As the summer harvests are collected, Britain starts to prepare for the winter ahead with a whole host of fabulous autumnal food festivals. In honour of British Food Fortnight, which runs from 20 September until 5 October, here’s our top 10 in conjunction with Visit England…
1. Urban Food Festival, London
12 – 28 September
London is a foodie hub and this autumn is celebrating its culinary heritage in the Urban Food Fortnight which runs until 28 September. For two weeks there will be local menus from some of London’s top restaurants, pop-up events, supper clubs in growing spaces and allotments, botanical cocktail nights, foraging walks and urban cookery classes. From street food to indie festivals, there’s something for all to enjoy.
2. Manchester Food Festival
18 – 29 September
The Manchester Food Festival is one of Britain’s biggest urban festivals. It is buzzing with pop-up restaurants, a new wine festival, live street parties and demonstrations as well as a festival of beer! Who needs Oktoberfest?
3. The York Food and Drink Festival, York
19- 28 September
This September follow a taste trail offering samples from delis and restaurants around the historic city of York. The activity spills out through York beginning at the daily specialist market on St Sampson’s Square. In the evening, join an intimate dinner offered by locals in their own homes or have supper in some of the city’s historic buildings such as the Guildhall, Treasurer’s House and Bar Convent.
4. Thame Food Festival, Oxfordshire
Ride into town on an original double decker bus, driven by Ken Bruce from BBC Radio 2, and wind your way through the pretty market town of Thame in the picturesque county of Oxfordshire . Celebrity chefs Raymond Blanc, Adam Simmonds, Sophie Grigson and a fabulous double act from the boy who bakes Edd Kimber and John Waite, will all be highlights at this landmark event in the food calendar.
5. Sweetcorn Fayre, Isle of Wight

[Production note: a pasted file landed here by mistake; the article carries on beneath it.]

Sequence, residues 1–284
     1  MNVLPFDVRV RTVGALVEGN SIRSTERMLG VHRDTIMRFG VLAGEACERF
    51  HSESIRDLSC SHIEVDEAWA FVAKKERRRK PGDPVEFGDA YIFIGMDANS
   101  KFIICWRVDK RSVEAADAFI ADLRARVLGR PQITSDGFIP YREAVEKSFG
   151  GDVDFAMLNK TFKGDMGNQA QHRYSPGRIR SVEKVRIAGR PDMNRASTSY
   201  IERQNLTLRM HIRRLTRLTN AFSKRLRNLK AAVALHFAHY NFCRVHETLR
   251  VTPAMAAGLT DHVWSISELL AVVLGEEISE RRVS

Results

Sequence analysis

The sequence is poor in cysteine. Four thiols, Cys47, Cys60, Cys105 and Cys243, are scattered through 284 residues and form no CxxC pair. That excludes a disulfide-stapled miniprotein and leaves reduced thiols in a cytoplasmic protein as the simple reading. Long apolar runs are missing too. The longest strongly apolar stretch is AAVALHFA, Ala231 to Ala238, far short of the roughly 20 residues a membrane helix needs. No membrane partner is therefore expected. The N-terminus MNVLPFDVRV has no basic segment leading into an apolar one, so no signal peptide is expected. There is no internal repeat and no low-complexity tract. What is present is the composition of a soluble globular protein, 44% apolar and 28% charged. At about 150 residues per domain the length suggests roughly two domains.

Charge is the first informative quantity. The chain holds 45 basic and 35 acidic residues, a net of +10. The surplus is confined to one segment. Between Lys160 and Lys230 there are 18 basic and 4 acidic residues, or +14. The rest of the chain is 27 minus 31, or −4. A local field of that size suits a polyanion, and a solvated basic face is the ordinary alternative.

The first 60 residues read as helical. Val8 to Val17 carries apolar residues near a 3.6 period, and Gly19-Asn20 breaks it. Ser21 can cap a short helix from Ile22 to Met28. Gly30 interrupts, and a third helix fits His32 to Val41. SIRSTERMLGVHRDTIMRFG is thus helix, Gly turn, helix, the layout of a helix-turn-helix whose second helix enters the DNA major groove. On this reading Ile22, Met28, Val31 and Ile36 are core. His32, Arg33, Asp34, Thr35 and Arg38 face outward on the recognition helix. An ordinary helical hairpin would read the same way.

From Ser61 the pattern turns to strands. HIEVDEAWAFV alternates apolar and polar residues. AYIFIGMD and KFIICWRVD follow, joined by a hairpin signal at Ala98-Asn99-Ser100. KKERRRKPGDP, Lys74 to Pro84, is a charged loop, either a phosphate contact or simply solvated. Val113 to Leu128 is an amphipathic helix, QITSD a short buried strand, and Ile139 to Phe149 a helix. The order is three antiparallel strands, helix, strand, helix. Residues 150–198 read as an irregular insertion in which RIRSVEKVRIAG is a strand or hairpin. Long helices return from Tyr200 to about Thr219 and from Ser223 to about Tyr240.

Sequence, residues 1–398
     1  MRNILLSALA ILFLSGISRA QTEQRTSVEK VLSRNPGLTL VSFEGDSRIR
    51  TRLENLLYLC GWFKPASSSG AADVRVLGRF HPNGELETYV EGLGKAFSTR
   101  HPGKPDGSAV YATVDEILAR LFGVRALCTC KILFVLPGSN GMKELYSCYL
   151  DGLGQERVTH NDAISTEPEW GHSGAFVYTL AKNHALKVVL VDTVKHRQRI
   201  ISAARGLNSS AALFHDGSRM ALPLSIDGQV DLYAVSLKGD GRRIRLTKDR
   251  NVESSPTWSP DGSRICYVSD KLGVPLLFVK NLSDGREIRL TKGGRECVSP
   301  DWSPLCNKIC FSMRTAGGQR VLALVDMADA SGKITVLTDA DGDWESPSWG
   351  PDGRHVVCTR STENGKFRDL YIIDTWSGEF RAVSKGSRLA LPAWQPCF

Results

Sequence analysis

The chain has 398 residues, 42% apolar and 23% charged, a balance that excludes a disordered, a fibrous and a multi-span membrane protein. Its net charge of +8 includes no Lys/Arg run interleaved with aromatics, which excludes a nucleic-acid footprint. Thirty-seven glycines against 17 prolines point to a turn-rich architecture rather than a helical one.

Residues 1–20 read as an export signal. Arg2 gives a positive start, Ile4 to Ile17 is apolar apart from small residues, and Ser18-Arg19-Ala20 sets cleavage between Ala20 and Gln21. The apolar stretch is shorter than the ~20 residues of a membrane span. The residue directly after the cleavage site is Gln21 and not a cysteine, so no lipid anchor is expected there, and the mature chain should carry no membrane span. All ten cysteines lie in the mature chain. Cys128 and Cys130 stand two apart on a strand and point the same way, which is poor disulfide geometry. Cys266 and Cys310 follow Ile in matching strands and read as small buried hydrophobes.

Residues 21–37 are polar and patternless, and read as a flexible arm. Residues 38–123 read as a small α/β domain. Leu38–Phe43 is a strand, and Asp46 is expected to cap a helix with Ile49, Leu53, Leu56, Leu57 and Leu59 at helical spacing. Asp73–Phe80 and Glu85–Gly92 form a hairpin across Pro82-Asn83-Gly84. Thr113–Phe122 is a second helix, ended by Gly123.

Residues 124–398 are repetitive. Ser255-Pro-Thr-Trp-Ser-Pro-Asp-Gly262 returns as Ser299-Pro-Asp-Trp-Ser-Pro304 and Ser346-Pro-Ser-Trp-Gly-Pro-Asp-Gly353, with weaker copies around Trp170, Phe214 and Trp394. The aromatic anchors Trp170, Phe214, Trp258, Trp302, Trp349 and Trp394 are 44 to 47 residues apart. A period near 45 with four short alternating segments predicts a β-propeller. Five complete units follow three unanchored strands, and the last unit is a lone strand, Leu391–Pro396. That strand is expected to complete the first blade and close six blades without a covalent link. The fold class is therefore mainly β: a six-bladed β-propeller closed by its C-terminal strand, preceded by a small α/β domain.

27 – 28 September
The Isle of Wight’s annual Sweetcorn Fayre takes place in the craft village of Arreton from 27 – 28 September. Head over to Dinosaur Island to take part in the sweetcorn shindig and witness world record breaking attempts to create the largest sweetcorn fritter.
6. Taste Cumbria
27 – 28 September
Held in the Lake District town of Cockermouth, this festival is a firm favourite with foodies and is loved by famous chefs, from the Hairy Bikers and John Turode to James Martin, Jay Rayner and Simon Rimmer. Always the star of the show, the immense Cumbrian talent, championed by Michelin starred Simon Rogan, is not to be missed this Autumn.
7. Aldeburgh Food Festival, Suffolk
27 September – 12 October
What began as a humble food festival has quickly grown in popularity and has become one of the country’s best. The well-known Aldeburgh Food Festival will return to the Suffolk this autumn in all its glory, with added pinches of new masterclasses, a dedicated zone for all start-up businesses to learn tricks of the trade, and even a bakery festival . There will also be a kid’s only zone for all the little future masterchefs. As usual, the festival will be celebrating and cooking up a concoction of various fringe events to celebrate Suffolk produce, the land and people who produce it.
8. RHS Taste of Autumn, Countrywide
The Taste of Autumn Food Festival is not be missed for horticultural foodies. Taking place across RHS gardens, it features on array of artisan produce and magnificent botany in delightful settings.
Granted a PDO (Protected Designation of Origin) for its famed delicacy, Leicestershire’s town of Melton Mowbray hails its eponymous pork pies in a Food and Drink Festival of its own. Held over the 4 and 5 October, the rural capital of food and drink lays down stalls in their hundreds to offer all things edible, drinkable and delectable. Not only can you grab a mouth full of pork pie and cheese but tables are furnished with exotic meats such as ostrich and zebra as well as Iranian culinary dishes – a nod to the area’s bustling multicultural community.
10. Wild Boar Week, Sussex
26 October to 3 November
Shock your senses and head down to Rye in Sussex for Wild Boar Week which pays homage to the town’s local delicacy. Hunted to near extinction in the 17th century, surviving boars continued to breed in Kentish farms leading to dramatic increases in the last 20 years. Curious customers can sample the beasts of Udimore alongside other medieval dishes during the festival.
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